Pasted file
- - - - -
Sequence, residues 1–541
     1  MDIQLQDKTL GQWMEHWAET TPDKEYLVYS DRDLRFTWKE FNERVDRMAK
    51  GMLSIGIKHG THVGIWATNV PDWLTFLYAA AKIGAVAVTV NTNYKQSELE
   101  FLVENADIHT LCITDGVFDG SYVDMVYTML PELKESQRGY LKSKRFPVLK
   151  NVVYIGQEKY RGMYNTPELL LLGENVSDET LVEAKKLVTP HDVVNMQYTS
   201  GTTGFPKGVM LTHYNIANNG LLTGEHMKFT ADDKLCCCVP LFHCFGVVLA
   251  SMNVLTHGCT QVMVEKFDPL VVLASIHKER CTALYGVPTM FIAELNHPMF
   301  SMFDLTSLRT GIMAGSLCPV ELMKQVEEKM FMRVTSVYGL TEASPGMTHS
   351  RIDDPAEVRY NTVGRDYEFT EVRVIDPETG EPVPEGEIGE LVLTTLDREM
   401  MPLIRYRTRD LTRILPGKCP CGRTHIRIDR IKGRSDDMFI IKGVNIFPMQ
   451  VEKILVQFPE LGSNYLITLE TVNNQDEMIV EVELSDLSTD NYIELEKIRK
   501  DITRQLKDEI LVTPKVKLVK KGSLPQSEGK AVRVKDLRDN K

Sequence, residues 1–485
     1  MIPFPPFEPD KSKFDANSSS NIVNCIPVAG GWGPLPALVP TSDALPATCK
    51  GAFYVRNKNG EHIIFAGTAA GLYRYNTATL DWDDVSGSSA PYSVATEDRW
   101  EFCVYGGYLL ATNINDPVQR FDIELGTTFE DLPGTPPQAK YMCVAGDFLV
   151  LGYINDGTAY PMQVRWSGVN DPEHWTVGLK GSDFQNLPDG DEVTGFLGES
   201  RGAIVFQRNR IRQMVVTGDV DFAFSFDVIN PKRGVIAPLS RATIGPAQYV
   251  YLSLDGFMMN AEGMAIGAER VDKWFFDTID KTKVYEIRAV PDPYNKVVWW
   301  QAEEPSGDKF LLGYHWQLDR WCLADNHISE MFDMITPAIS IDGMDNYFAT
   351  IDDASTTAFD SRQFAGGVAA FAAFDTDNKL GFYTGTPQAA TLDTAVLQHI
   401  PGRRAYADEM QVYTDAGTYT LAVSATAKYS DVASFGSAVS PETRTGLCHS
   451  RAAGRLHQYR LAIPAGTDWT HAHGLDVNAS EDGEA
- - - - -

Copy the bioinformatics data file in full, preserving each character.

Sequence, residues 1–541
     1  MDIQLQDKTL GQWMEHWAET TPDKEYLVYS DRDLRFTWKE FNERVDRMAK
    51  GMLSIGIKHG THVGIWATNV PDWLTFLYAA AKIGAVAVTV NTNYKQSELE
   101  FLVENADIHT LCITDGVFDG SYVDMVYTML PELKESQRGY LKSKRFPVLK
   151  NVVYIGQEKY RGMYNTPELL LLGENVSDET LVEAKKLVTP HDVVNMQYTS
   201  GTTGFPKGVM LTHYNIANNG LLTGEHMKFT ADDKLCCCVP LFHCFGVVLA
   251  SMNVLTHGCT QVMVEKFDPL VVLASIHKER CTALYGVPTM FIAELNHPMF
   301  SMFDLTSLRT GIMAGSLCPV ELMKQVEEKM FMRVTSVYGL TEASPGMTHS
   351  RIDDPAEVRY NTVGRDYEFT EVRVIDPETG EPVPEGEIGE LVLTTLDREM
   401  MPLIRYRTRD LTRILPGKCP CGRTHIRIDR IKGRSDDMFI IKGVNIFPMQ
   451  VEKILVQFPE LGSNYLITLE TVNNQDEMIV EVELSDLSTD NYIELEKIRK
   501  DITRQLKDEI LVTPKVKLVK KGSLPQSEGK AVRVKDLRDN K

Sequence, residues 1–485
     1  MIPFPPFEPD KSKFDANSSS NIVNCIPVAG GWGPLPALVP TSDALPATCK
    51  GAFYVRNKNG EHIIFAGTAA GLYRYNTATL DWDDVSGSSA PYSVATEDRW
   101  EFCVYGGYLL ATNINDPVQR FDIELGTTFE DLPGTPPQAK YMCVAGDFLV
   151  LGYINDGTAY PMQVRWSGVN DPEHWTVGLK GSDFQNLPDG DEVTGFLGES
   201  RGAIVFQRNR IRQMVVTGDV DFAFSFDVIN PKRGVIAPLS RATIGPAQYV
   251  YLSLDGFMMN AEGMAIGAER VDKWFFDTID KTKVYEIRAV PDPYNKVVWW
   301  QAEEPSGDKF LLGYHWQLDR WCLADNHISE MFDMITPAIS IDGMDNYFAT
   351  IDDASTTAFD SRQFAGGVAA FAAFDTDNKL GFYTGTPQAA TLDTAVLQHI
   401  PGRRAYADEM QVYTDAGTYT LAVSATAKYS DVASFGSAVS PETRTGLCHS
   451  RAAGRLHQYR LAIPAGTDWT HAHGLDVNAS EDGEA